Bi-Polar Bear
 
  1  
Reply Mon 10 Nov, 2008 11:31 am
@nimh,
I agree completely. I hope Obama will prove to be as strong and unmovable in purpose as bush on the really important things....which I consider to be the reversal of the bush years and a return to responsible governing. It will not be easy.... I liken it to risky and traumatic surgery that causes great pain in the short term required to give healing and restore proper function of the body in the long term.

Let us not forget how (and I hate to even use this comparison) incredibly efficient and strong of purpose Hitler was. He got a LOT of **** done. It's not the strength of purpose or ability to stay focused and pony through that can be assigned a positive or negative value....it's the goal and result to which you apply these qualities.
FreeDuck
 
  1  
Reply Mon 10 Nov, 2008 02:29 pm
@Bi-Polar Bear,
I'm going to have to disagree on this one. I can live with stubbornness provided it is supported by data, but the kind of ignorant willfulness we've witnessed over the last 8 years should not be emulated. Ever. Obama should continue to be exactly who he is: someone who looks at the facts and weighs the proposed solutions based on evidence of their effectiveness and not ideology. I don't think Obama should emulate either of the last two presidents but should forge his own path.
Bi-Polar Bear
 
  2  
Reply Mon 10 Nov, 2008 03:22 pm
@FreeDuck,
no one said anything about willful ignorance duckie, come on. I'm saying he should be equally adamant in his goals and meeting them without faltering.
engineer
 
  3  
Reply Mon 10 Nov, 2008 03:37 pm
@Bi-Polar Bear,
Bi-Polar Bear wrote:

no one said anything about willful ignorance duckie, come on. I'm saying he should be equally adamant in his goals and meeting them without faltering.

Exactly. One thing Bush going for him (and against us) was intense disipline. Congress never once stopped Bush from getting what he wanted. The only concession they got was an expiration date on the tax cuts. Of course, that is now paying dividends, but at the time it was nothing. If Obama can move legislation like that things might get done. Let's hope they're good things.
FreeDuck
 
  1  
Reply Mon 10 Nov, 2008 05:12 pm
@engineer,
Sorry, still not with you. I would rather see him convince people than to ram things through. It is one thing to stand firm and push hard, but what Bush did was something else. I have no doubt that Obama has a backbone and can be bold, but not in the way that we have been used to with Bush.
Bi-Polar Bear
 
  1  
Reply Mon 10 Nov, 2008 05:58 pm
@FreeDuck,
if your child has his fingers in the fan will you try to convince him that he's about to get them cut off or will you yank them out quickly and firmly and explain to a ten fingered child rather than reason with an eight fingered one?
hamburger
 
  1  
Reply Mon 10 Nov, 2008 06:10 pm
@Bi-Polar Bear,
bpb wrote :

Quote:
if your child has his fingers in the fan will you try to convince him that he's about to get them cut off or will you yank them out quickly and firmly and explain to a ten fingered child rather than reason with an eight fingered one?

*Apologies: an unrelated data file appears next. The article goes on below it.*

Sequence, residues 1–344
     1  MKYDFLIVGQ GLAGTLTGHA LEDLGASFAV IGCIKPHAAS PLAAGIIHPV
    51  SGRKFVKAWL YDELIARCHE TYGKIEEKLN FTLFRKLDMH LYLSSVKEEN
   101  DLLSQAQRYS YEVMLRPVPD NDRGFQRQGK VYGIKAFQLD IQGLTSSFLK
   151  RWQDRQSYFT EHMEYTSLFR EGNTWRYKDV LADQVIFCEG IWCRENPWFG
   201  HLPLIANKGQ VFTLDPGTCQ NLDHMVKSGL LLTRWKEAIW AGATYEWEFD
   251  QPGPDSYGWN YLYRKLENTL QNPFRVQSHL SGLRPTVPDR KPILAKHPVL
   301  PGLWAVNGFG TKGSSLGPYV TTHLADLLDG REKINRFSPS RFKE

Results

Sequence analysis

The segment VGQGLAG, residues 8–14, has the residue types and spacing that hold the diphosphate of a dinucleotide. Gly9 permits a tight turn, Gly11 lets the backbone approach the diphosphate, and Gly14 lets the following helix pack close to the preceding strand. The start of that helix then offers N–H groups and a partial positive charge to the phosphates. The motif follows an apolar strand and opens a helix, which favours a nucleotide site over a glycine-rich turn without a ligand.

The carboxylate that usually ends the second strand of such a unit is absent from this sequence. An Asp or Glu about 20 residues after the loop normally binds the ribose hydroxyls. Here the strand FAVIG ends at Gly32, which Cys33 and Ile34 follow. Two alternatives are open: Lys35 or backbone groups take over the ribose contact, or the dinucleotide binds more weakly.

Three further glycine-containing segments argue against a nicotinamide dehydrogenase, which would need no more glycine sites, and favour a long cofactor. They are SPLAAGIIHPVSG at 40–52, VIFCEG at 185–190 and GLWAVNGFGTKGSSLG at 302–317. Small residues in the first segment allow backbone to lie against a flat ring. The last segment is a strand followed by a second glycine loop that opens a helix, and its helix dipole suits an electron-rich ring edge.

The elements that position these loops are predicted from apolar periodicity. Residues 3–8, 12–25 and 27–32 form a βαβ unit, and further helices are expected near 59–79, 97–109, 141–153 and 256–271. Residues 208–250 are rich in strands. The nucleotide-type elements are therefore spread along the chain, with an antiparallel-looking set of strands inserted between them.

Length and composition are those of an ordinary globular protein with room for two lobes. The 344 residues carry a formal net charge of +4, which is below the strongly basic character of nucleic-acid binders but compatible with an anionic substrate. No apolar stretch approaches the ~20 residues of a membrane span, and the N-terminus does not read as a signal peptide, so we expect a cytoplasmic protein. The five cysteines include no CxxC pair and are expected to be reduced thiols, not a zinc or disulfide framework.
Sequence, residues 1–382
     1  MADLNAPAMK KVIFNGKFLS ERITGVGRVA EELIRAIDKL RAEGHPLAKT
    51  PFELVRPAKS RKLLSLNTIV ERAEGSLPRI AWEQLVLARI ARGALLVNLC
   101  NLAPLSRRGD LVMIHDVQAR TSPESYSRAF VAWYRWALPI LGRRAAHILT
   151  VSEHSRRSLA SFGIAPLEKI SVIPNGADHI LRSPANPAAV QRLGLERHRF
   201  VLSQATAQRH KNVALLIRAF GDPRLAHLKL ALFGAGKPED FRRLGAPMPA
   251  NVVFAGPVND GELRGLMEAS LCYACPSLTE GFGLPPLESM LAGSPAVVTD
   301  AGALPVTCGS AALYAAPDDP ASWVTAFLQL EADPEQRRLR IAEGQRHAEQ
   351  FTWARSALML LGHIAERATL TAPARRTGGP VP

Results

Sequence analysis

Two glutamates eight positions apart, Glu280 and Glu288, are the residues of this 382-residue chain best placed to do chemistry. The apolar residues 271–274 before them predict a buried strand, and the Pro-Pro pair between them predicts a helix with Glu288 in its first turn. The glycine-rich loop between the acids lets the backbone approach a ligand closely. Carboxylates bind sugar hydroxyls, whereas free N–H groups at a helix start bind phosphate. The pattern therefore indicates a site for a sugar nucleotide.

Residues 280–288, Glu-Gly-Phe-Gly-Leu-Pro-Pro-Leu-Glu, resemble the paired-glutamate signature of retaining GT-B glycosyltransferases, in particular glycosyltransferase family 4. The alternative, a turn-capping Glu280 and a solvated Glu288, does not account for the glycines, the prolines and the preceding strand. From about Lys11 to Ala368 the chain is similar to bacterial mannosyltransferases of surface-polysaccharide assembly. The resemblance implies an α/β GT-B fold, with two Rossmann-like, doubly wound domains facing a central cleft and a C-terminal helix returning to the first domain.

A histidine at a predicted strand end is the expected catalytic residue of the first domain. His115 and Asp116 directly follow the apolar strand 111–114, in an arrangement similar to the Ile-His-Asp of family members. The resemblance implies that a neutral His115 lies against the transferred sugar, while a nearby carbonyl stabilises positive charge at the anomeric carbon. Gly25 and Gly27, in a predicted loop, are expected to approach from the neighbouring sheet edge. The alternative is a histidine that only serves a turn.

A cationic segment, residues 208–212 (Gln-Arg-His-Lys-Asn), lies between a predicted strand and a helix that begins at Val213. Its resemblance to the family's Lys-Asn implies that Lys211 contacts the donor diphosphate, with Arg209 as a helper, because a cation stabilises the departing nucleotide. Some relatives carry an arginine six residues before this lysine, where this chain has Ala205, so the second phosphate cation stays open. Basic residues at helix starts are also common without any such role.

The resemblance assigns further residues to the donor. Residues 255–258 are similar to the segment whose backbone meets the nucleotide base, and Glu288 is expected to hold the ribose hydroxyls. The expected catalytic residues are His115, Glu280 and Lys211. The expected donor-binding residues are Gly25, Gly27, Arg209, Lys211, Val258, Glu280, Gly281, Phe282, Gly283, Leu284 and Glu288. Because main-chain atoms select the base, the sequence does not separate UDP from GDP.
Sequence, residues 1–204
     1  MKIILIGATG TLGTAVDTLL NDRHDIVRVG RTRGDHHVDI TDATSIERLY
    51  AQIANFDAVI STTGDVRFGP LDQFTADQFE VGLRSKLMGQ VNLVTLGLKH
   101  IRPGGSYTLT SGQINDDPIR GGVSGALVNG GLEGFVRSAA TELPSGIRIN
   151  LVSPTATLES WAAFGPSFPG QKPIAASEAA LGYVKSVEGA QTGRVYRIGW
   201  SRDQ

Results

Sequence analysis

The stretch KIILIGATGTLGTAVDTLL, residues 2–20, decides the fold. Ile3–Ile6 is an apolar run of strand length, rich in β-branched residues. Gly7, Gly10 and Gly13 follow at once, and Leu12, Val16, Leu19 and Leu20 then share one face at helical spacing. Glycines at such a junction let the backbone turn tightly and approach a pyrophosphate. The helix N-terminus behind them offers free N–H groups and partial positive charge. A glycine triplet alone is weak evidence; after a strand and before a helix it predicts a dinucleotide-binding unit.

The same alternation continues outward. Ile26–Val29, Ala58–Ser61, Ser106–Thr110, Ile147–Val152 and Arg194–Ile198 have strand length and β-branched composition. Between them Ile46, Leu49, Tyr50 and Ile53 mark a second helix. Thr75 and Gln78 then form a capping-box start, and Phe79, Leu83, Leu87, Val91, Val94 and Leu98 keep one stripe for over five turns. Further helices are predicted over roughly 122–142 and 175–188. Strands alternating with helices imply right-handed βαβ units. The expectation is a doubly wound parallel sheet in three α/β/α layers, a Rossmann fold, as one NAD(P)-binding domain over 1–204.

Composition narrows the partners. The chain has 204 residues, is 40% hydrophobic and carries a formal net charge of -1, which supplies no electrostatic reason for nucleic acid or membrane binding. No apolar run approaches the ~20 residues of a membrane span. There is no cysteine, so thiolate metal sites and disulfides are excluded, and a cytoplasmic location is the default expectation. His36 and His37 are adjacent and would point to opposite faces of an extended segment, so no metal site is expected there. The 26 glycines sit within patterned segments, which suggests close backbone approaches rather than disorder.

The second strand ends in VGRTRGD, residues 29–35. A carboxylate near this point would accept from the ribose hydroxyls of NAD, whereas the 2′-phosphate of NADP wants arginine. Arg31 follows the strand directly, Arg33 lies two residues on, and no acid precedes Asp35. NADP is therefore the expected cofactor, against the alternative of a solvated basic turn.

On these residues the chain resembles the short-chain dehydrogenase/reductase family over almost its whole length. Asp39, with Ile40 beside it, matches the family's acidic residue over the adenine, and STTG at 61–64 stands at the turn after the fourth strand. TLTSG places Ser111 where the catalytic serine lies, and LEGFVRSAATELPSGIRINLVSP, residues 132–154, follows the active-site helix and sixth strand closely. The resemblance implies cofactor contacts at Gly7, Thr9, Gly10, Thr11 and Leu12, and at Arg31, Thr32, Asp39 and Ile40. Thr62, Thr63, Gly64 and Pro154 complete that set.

i hope you are not saying that the american people are children that don't know any better than to stick their fingers into the whirring fan .
i would still think that americans as a people are a lot smarter than a child ???
hbg
Thomas
 
  1  
Reply Mon 10 Nov, 2008 06:18 pm
@Bi-Polar Bear,
nimh wrote:
no one said anything about willful ignorance duckie, come on.

It seems to me that nimh kind of implied it. The defining characteristic of Bush's administration was willful ignorance; nimh wants Obama to emulate Bush; ergo ....
blueveinedthrobber
 
  1  
Reply Mon 10 Nov, 2008 07:08 pm
@hamburger,
not like you'd notice for the past 8 years...until last tuesday..
0 Replies
 
FreeDuck
 
  2  
Reply Mon 10 Nov, 2008 08:10 pm
@Bi-Polar Bear,
Contrary to popular belief, it is actually very difficult to lose a finger in a household fan.
nimh
 
  1  
Reply Tue 11 Nov, 2008 05:26 am
@Thomas,
Thomas wrote:

BPB wrote:
no one said anything about willful ignorance duckie, come on.

It seems to me that nimh kind of implied it. The defining characteristic of Bush's administration was willful ignorance; nimh wants Obama to emulate Bush; ergo ....

If one didnt read beyond the title, that would make sense, yes. But what in the actual post "kind of implied" it?
FreeDuck
 
  2  
Reply Tue 11 Nov, 2008 09:57 am
@nimh,
Not to nitpick, but I actually said "ignorant willfulness" not "willful ignorance", I intended a different meaning (precisely because I did read past the headline). The author seems to be saying that Obama should take this opportunity to ram as many "bold" initiatives down the throat of the country as he can, and then assumes that this will make him popular. Which page of the Bush playbook should Obama borrow in order to accomplish this? The one about stacking government agencies with incompetent but loyal cronies or the one where you lie and obscure the facts to convince congress to give you what you want?

Obama can get the initiatives through that the public is ready for (and we're ready for a lot) and he can do it without using any of Bush's tactics. The answer to the Bush presidency is not the same kind of thing but a with a (D) after it. This reeks to me like talk of a "permanent majority". The power is going to someone's head. That kind of thing will aid and quicken the Republican party's recovery.

If the author simply meant that Obama should be focused and forceful to accomplish his goals then it seems to me that a comparison with Bush is unnecessary. He only needs to emulate himself.
0 Replies
 
Thomas
 
  1  
Reply Tue 11 Nov, 2008 10:20 am
@nimh,
nimh wrote:
If one didnt read beyond the title, that would make sense, yes. But what in the actual post "kind of implied" it?

Well, there's a reason I hedged my point with the "kind of".

My honest opinion of the article is that the author shoehorned the Bush comparison into an otherwise reasonable article for the sake of making a clever-sounding point. But the point isn't actually clever, even if it may sound clever to the author's jaded blogger friends.
nimh
 
  1  
Reply Tue 11 Nov, 2008 11:42 am
@Thomas,
Hmm I guess that makes me a jaded blogger friend.

Just wait till you post your first blog, you'll become one of Them too, you'll see.
Thomas
 
  1  
Reply Tue 11 Nov, 2008 12:54 pm
@nimh,
Why thanks for the stage fright, dude!
0 Replies
 
blueveinedthrobber
 
  1  
Reply Tue 11 Nov, 2008 01:01 pm
@FreeDuck,
please substitute sticking a fork in the electrical outlet....
0 Replies